Instructions for Filing Form 940: Employer’s Annual Federal Unemployment (FUTA) Tax Return

Form 940 Filing Instructions

What Is Form 940?

This is a tax form that allows employers to report their employment tax to the Federal Unemployment Tax Act (FUTA). FUTA tax is aimed at funding unemployment compensation to employees who have lost their occupation. The form usually indicates the amount of federal unemployment tax the employer is supposed to pay for the previous year, the amount paid and due. 

FUTA tax differs from other tax variations as the tax cannot be held back from the employee’s salary. The employer is liable for the payment of the taxes. Some business owners usually contradict the form with SUTA (State Unemployment Tax Act). They have identical roles of compensating workers who have lost their jobs but FUTA is on a federal level while SUTA serves on a state level. 

In this article, we will articulate more on what is form 940, who needs to file it, how to fill the form, among other imperative entities. You can compare the best tax relief companies which is an essential step in analyzing and choosing the tax relief provider that will align with your personal needs. 

Who Should File Form 940?

After understanding what is 940, let us discuss who is required to file 940. Every year, a business with several employees is supposed to report their unemployment tax through Form 940. To obtain the form, employers are required to visit the Taxes menu and select Payroll Tax and look for Employers Annual Federal Unemployment Tax Return and click 940. 

This applies to a business that pays more than $1,500 or more to employees in any calendar quarter which is accountable for the previous or the current year. It also requires employers to pay a percentage of their employees’ wages for $7,000 taxable wages of the year. In addition, if you have more than one employee who works for at least 20 weeks, you are liable for payment of FUTA taxes. 

However, there are some special rules for paying FUTA taxes to some types of businesses. They include

  • People with household workers such as maids. This applies if they paid more than $1,000 or more in any quarter.
  • Agricultural employers who paid $20,000 or more during any calendar quarter. Employers who had 10 or more workers on the farm are also mandated to pay for the taxes.
  • Family-owned businesses have distinct rules of paying FUTA taxes. Wages for children under 21 are not included. Spouses and other older family business partners’ wages should be incorporated in the tax payment. 
  • Educational, religious, and charitable organizations do not pay FUTA taxes nor file Form 940. 

When Is Form 940 Due?

Form 940 due date differs from the deadline of paying unemployment taxes. January 31 is the deadline for most businesses to file Form 940. It can also be executed the next business day in case January 31st is a weekend or holiday. You might note that the frequency of paying FUTA taxes depends on the number of employees one has which also projects on the amount you will pay. 

Employers who owe $500 or less of FUTA taxes can file Form 940 while paying the taxes. On the other hand, businesses that have more than $500 unpaid taxes are required to make payments on a quarterly scheme. If in a certain quarter your tax was $500 or below, you are required to roll it over to the upcoming quarter. The rolling over should be done until the tax is more than $500. After attaining the required threshold, deposit the tax based on the following due dates:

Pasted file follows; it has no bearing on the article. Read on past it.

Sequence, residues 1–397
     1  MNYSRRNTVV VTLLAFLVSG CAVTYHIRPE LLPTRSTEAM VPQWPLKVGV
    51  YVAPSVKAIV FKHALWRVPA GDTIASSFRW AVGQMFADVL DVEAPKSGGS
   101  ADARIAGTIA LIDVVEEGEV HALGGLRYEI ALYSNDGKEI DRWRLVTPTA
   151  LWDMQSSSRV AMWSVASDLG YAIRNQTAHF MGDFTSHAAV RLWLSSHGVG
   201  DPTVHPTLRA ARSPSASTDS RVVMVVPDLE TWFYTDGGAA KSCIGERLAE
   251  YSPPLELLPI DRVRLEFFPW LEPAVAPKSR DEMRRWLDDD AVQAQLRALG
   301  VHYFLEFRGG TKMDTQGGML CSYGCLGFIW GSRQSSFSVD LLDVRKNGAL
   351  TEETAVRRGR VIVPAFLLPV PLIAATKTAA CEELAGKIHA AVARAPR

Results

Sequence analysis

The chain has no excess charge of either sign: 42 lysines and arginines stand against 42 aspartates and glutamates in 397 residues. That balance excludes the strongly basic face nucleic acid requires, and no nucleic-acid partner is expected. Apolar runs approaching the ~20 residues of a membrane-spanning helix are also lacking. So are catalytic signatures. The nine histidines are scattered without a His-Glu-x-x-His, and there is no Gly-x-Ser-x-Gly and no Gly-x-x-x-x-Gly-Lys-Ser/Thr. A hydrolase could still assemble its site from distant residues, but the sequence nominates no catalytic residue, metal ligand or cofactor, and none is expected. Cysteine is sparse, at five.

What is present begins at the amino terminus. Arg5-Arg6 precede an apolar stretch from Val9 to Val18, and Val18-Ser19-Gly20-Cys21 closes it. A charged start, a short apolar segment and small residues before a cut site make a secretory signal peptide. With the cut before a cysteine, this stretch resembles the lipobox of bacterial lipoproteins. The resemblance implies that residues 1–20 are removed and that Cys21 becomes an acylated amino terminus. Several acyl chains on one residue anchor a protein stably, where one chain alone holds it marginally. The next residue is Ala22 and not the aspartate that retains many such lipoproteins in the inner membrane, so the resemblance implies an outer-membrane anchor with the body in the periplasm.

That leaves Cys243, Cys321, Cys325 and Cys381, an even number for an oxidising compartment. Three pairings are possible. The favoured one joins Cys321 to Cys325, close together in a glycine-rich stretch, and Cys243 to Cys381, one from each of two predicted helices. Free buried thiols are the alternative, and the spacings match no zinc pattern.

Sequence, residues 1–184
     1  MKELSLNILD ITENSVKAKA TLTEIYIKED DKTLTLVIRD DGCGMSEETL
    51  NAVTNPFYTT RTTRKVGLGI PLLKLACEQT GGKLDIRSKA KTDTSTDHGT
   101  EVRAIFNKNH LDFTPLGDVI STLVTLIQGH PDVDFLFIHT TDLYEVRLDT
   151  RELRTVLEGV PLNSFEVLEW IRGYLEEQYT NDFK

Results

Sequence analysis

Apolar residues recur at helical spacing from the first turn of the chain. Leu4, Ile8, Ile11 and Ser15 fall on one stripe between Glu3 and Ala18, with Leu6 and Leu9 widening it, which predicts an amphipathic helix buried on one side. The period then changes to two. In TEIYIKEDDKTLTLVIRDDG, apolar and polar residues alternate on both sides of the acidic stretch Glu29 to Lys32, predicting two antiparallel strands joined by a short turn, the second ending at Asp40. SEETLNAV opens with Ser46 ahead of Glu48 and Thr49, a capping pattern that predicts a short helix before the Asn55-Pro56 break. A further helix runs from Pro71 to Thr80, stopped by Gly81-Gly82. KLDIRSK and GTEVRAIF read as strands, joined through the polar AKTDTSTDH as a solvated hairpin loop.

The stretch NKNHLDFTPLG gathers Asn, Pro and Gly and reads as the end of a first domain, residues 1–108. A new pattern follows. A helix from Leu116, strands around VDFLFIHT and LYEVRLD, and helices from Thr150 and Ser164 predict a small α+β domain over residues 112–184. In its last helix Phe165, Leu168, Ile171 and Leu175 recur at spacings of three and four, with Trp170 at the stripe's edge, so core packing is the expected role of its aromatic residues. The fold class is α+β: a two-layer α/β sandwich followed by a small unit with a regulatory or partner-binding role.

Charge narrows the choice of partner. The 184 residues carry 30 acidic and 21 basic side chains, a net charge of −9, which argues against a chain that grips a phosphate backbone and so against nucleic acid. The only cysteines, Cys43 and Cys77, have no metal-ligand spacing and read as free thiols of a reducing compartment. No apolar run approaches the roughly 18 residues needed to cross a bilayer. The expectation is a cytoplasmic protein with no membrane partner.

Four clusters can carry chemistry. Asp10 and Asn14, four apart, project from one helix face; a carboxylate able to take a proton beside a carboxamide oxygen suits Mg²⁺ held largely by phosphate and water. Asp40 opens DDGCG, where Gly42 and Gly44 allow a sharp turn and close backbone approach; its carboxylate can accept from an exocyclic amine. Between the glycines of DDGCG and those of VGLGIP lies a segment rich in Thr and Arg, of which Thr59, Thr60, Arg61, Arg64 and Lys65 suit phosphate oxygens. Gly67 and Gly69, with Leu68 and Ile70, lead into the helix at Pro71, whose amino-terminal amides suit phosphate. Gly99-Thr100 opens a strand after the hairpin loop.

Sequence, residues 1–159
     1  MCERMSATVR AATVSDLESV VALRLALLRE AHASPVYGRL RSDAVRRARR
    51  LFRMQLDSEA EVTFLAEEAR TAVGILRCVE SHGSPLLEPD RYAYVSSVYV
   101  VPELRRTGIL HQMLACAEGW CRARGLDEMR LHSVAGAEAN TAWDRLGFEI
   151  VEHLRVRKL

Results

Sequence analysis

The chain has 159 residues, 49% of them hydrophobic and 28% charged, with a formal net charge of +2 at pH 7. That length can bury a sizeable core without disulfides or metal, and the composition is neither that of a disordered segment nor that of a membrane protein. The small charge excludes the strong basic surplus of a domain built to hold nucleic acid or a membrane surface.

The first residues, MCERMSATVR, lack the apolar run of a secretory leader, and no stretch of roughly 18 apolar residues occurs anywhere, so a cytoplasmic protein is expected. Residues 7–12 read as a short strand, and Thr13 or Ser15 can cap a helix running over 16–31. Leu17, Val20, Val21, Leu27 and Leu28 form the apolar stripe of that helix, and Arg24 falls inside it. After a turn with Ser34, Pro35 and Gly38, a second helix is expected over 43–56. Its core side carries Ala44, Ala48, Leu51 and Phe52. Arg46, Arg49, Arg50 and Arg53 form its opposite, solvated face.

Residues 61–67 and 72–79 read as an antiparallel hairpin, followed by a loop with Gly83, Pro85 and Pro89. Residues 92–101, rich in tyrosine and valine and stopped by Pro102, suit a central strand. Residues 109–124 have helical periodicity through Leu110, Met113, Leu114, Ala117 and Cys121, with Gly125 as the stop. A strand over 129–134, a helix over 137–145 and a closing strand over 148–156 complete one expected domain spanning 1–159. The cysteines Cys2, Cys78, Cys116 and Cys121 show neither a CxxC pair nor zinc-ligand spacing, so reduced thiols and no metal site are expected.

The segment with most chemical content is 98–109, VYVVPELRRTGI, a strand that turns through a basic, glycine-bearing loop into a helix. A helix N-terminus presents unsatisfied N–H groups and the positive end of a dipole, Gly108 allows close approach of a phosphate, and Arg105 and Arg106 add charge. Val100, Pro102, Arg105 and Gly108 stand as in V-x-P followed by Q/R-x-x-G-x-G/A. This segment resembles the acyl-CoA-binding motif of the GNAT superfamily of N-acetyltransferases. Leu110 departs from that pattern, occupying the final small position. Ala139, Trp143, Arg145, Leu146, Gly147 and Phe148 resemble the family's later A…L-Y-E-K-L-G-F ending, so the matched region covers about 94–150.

If Cumulative Tax Is More Than $500 on Deposit Your Taxes By
March 31 April 30
June 30 July 31
Sept 30 Oct 31
Dec 31 Jan 31

 

It is recommended that you mark your calendars which will alert you and keep you organized on filing the form. However, the IRS may be patient for late filing which requires submission of an extension. The extension has a limit of 6 months and should be in writing disseminating the reason for the extension and a signature by the employer. It should also be decently addressed to an IRS officer. 

There are penalties that accompany violating instructions for 940. A 5% penalty on the tax due will be imposed for failure to file Form 940. Late deposits or not making a deposit at all is subject to a penalty between 2% to 15% of the tax amount due.

Where To File Form 940

Filing of Form 940 is conducted through the IRS. If you choose to file on paper, you must send it to the address listed in the instructions of 940. These addresses vary based on the employer’s location and whether the form comes along with the payment. In addition, the address is prone to change yearly, which requires verification before mailing. 

In case of any burning issue concerning the payment of unemployment tax, you can consult a tax advisor, payroll service, or professional employer organization (PEO). They help in simplifying and automating tax filing which ensures that you are on the right side of the law. 

Can I File Form 940 Electronically?

Payment of unemployment taxes can be executed via the Electronic Federal Tax Payment System (EFTPS). The IRS recommends that people file electronically as it enables you to complete filing your Form 940 correctly and track your tax payments. In addition, you will receive acknowledgment within 24 hours. It has a small fee as it involves buying IRS-approved software that enables you to complete and submit the form electronically to the agency. 

Conversely, you can deploy an Authorized IRS e-file Provider Locator Service who sources out a tax professional to submit the form for you. 

How to File Form 940

The IRS Form 940 has seven sections. These parts are elementary with some math that may help you sync up your state and federal unemployment tax payments. Below is a discussion of the steps followed and how to file Form 940:

Top Section

Here, you will disseminate information regarding your business name, address, and employer identification number. 

Part 1